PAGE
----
“This is a school I went to; my dad and uncles went here. The history that my family has at Saint Mary’s and in Halifax is very deep, and to be back here in this position is a very exciting moment for myself and my family.”

In his half dozen years as the Huskies’ head coach, Sumarah was selected Canadian university coach of the year in 2009 and the Atlantic conference coach of the year three times. He had a regular-season record of 35-12 and an overall mark of 42-18.

Carleton sacked its football program in 1998, but reintroduced it in 2012 for the 2013 OUA season. Sumarah was signed as the Ravens’ 13th head coach, but he experienced eight up-and-down seasons during his stay. The COVID-19 pandemic cancelled the 2020 season.

After opening with an 0-8 season in 2013, the Ravens improved quickly over the next three seasons – 4-4, 5-3, 6-2. But Carleton was a sub .500 team overall during Sumarah’s last four seasons – 3-5, 5-3, 4-4 and 2-4 (2021).

“I like to consider myself as a people person and I think very strongly of our student athletes. My core values as a coach are trust, communication and accountability,” added Sumarah, who also has served as head coach of Canada’s national junior football team since 2016 and won an IFAF U19 world junior championship in 2018.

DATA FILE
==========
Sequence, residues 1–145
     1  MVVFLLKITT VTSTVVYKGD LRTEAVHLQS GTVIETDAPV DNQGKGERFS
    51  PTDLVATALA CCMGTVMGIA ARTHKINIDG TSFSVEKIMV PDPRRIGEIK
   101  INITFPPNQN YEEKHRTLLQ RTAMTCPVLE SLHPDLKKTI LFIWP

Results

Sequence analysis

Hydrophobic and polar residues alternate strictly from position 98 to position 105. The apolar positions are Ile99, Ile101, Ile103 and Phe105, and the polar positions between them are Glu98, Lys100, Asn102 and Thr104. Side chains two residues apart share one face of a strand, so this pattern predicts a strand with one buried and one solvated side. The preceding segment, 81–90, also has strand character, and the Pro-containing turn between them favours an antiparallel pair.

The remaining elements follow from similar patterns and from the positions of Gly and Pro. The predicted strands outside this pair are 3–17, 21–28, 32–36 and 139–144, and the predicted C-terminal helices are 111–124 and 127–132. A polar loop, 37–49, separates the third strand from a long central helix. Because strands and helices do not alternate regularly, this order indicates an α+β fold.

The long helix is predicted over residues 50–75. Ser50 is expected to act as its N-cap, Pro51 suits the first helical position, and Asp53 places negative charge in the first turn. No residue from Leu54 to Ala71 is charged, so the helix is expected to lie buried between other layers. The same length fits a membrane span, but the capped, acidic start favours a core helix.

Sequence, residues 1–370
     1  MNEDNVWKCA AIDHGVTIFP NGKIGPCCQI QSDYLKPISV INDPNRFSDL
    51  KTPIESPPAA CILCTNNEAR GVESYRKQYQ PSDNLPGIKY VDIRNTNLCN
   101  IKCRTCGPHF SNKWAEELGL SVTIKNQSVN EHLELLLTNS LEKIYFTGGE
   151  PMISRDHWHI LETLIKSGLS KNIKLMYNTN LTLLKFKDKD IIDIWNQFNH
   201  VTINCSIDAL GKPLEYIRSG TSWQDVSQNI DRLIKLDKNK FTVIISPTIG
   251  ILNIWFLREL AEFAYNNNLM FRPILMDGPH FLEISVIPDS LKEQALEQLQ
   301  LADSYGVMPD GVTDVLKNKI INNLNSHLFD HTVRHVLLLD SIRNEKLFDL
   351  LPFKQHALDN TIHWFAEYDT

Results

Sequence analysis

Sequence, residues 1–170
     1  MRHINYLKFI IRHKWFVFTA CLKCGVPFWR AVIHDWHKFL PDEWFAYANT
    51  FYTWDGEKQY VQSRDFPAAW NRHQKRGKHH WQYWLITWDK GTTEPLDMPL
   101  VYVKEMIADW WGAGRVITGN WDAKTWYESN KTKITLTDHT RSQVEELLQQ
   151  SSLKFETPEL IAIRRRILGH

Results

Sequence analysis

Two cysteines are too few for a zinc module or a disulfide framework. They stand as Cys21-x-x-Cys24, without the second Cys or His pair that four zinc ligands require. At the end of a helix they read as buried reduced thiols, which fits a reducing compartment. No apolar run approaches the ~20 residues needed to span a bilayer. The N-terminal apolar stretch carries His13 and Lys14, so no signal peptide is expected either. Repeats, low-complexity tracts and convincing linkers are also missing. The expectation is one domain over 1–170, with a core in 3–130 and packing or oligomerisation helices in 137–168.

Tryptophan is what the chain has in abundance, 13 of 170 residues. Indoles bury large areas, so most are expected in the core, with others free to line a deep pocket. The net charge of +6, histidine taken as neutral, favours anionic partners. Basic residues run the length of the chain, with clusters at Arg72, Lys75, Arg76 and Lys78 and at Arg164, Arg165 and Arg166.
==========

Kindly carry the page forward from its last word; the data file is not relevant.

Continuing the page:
“Those come first and, if our team can take care of those things, then that leads me into the next three priorities: making sure our athletes are strong, graduating students, responsible and dedicated citizens and finally playing a great exciting brand of football.”

Martin Cleary has written about amateur sports for 48 years. A past Canadian sportswriter of the year and Ottawa Sports Awards Lifetime Achievement in Sport Media honouree, Martin retired from full-time work at the Ottawa Citizen in 2012, but continued to write a bi-weekly “High Achievers” column for the Citizen/Sun.

When the pandemic struck, Martin created the “Stay-Safe Edition” to provide some positive news during tough times, via his Twitter account at first and now here at OttawaSportsPages.ca.

Martin can be reached by e-mail at martincleary51@gmail.com and on Twitter @martincleary.